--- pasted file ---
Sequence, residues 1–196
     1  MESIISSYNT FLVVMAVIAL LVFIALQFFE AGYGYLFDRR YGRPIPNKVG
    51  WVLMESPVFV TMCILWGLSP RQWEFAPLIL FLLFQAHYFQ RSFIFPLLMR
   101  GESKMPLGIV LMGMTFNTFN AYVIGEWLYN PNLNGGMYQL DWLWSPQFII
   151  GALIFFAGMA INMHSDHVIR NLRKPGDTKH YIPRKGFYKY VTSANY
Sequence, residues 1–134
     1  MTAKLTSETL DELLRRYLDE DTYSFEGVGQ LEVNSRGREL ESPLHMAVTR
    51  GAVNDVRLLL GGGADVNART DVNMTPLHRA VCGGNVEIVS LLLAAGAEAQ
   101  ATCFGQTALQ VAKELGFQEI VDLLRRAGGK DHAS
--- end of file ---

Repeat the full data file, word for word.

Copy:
Sequence, residues 1–196
     1  MESIISSYNT FLVVMAVIAL LVFIALQFFE AGYGYLFDRR YGRPIPNKVG
    51  WVLMESPVFV TMCILWGLSP RQWEFAPLIL FLLFQAHYFQ RSFIFPLLMR
   101  GESKMPLGIV LMGMTFNTFN AYVIGEWLYN PNLNGGMYQL DWLWSPQFII
   151  GALIFFAGMA INMHSDHVIR NLRKPGDTKH YIPRKGFYKY VTSANY
Sequence, residues 1–134
     1  MTAKLTSETL DELLRRYLDE DTYSFEGVGQ LEVNSRGREL ESPLHMAVTR
    51  GAVNDVRLLL GGGADVNART DVNMTPLHRA VCGGNVEIVS LLLAAGAEAQ
   101  ATCFGQTALQ VAKELGFQEI VDLLRRAGGK DHAS